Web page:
Left: Before before (the right side is braided…a faux shave), Right: After haircut #1 (the right and left sides are both shaved, kind of like a mohawk without the “punky” spikes.

I decided to wait for the first strands to fall in ernest, before shaving it down. I didn’t want to wait until too much fell, because I felt that would be traumatic, seeing it get patchy.

It was strange, I was finished chemo, and feeling better.  Things had returned to “normal” and mom was planning her return home for a while, except..I was waiting for my hair to start to fall out.

I had these delusional hopeful thoughts that maybe I would be an anomaly (hey, it could happen…look at what else has! ), but alas I woke up 12 days after my first dose of cyclophosphamide with the evidence on my pillow.

2016 08 18 (3)

Rise and shine!

It wasn’t coming out in clumps, but definitely in handfuls when I ran my fingers through it, and you know what was strange? What freaked me out more than seeing it and knowing it was just the beginning, was seeing it as evidence that noxious chemicals had done it, and while I felt better physically, the chemo was still taking a toll on my physical body.

Not to dwell, I decided that I would shave it…or more accurately, hubbs would shave it. So on the 18th of August, this happened:

IMG_4784

Luckily, my head was neither misshapen or had any funny spots.

My sister and her fiancé joined in by FaceTime, and all in all, I felt ok.  I had been anticipating it, and since I had made a plan and bought a couple of chemo caps, and a wig, just in case I was too weirded out when the time came, I felt in control of what was happening (however possible that was).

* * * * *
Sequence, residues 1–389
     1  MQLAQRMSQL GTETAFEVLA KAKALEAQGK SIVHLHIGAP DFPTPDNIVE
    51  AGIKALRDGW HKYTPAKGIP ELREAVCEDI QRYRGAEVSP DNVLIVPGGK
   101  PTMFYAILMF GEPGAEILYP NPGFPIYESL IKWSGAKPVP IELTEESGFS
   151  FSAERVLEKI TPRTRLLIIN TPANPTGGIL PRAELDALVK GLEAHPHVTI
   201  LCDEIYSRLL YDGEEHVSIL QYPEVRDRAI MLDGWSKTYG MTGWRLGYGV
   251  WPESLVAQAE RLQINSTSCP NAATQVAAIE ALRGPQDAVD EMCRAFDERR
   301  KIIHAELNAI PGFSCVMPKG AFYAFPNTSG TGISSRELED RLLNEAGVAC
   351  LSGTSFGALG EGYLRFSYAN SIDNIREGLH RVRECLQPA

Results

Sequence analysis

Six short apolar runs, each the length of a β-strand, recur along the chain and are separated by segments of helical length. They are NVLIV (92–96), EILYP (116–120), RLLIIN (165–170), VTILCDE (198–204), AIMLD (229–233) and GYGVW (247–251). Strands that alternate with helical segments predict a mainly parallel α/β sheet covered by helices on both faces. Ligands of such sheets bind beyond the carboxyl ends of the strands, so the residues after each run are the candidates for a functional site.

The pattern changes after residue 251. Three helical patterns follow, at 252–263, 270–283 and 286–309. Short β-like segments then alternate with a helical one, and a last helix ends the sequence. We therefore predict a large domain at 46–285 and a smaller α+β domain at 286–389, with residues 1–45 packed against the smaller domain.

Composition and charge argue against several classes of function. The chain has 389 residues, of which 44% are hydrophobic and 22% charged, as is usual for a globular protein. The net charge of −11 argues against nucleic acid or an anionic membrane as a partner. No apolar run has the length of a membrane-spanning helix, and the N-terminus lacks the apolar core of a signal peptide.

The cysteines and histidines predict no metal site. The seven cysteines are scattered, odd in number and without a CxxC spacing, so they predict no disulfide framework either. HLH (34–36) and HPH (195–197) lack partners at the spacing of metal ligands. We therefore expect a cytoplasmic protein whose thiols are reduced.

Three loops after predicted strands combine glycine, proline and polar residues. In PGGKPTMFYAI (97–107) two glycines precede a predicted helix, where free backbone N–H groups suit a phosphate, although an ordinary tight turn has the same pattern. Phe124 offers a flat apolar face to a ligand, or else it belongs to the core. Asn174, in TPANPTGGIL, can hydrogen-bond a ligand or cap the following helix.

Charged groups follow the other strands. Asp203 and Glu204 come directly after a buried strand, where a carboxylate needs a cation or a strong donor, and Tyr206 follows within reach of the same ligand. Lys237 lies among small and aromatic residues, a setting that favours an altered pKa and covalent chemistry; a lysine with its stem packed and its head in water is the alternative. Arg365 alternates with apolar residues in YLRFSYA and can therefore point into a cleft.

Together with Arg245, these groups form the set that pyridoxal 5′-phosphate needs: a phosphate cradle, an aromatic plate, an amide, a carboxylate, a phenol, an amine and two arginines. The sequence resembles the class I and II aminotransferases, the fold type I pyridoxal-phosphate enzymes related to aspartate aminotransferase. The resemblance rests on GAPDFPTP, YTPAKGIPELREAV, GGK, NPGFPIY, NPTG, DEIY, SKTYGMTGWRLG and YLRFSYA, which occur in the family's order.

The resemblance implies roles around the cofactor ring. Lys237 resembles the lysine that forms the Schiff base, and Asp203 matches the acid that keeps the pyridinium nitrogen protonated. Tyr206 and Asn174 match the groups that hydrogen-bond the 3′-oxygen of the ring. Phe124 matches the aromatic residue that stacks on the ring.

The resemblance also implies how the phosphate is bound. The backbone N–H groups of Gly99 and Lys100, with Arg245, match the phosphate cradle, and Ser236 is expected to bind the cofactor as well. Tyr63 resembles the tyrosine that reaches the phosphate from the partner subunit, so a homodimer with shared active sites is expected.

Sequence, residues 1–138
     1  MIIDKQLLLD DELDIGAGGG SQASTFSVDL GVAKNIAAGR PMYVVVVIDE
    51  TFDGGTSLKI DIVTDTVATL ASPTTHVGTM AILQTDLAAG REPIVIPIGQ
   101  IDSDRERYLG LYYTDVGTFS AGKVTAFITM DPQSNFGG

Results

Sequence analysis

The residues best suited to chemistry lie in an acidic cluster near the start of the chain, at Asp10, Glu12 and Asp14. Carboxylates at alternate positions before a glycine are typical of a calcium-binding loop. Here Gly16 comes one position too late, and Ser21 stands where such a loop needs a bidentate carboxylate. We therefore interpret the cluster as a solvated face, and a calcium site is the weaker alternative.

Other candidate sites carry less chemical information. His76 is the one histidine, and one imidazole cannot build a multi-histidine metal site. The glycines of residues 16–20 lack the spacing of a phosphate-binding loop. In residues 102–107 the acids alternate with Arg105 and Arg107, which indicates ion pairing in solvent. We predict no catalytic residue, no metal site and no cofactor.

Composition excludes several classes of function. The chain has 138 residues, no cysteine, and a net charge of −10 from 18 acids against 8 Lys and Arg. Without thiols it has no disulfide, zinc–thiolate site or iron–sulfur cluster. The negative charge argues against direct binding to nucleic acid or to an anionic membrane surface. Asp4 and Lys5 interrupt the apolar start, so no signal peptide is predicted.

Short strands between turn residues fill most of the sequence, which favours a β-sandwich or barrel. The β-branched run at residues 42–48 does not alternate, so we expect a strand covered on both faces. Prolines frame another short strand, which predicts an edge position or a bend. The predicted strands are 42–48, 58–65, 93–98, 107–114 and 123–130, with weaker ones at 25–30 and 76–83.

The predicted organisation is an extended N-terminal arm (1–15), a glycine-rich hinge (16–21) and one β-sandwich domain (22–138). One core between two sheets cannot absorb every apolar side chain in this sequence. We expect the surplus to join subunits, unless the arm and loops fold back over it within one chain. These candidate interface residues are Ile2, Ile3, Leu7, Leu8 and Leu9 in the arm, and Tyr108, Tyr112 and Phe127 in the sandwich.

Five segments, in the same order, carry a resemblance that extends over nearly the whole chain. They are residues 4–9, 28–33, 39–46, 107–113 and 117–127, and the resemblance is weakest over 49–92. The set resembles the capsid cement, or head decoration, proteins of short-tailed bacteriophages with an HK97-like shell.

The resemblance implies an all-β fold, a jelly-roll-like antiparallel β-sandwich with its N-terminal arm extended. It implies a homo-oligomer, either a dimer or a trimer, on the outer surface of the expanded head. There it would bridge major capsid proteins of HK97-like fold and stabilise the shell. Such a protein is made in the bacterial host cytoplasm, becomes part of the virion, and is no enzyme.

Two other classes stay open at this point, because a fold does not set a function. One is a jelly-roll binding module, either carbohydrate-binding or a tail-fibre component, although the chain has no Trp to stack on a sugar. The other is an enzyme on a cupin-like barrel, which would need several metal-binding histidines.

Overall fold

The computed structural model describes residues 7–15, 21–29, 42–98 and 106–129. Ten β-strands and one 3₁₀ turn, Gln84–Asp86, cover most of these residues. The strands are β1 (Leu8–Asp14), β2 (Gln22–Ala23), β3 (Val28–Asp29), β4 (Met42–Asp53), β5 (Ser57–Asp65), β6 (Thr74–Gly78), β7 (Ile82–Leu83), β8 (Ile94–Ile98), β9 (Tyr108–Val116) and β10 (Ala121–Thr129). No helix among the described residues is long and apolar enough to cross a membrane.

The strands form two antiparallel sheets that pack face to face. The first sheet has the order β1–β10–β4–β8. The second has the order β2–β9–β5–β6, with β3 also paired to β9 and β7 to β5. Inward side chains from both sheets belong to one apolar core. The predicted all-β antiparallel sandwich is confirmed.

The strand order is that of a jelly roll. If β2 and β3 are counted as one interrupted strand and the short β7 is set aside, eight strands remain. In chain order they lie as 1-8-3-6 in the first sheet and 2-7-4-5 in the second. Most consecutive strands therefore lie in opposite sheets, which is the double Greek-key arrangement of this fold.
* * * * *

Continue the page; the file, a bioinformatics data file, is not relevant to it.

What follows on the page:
Now the perks of being bald in the summer are that it is SO MUCH cooler. No, like really, so. much. cooler., and I found myself pretty comfy walking around at home, and in public with my “buzz cut”. I got the “are you sick, or trying to be hardcore?” stares, and sympathetic nods (usually from older ladies who I guess chose to believe it was illness and not really a choice) – but it was okay.

My dad even shaved his down in solidarity:

FullSizeRender.jpg

I see the resemblance, do you? :o)

All in all, things were fine, pleasantly surprising actually…until it started to get patchy:

Image-1-1.jpg

There was no denying it.  This was not a choice. Chemo caps have become a necessity when leaving the house, and while I haven’t yet had the guts to wear the wig (it looks so…wig-like), I plan to do so when the weather gets colder.

The plan now is to shave it, I just haven’t quite gotten there yet…I haven’t wrapped my head around being bald bald, even though it seems like not much of a jump from patchy…it is, in my head anyway.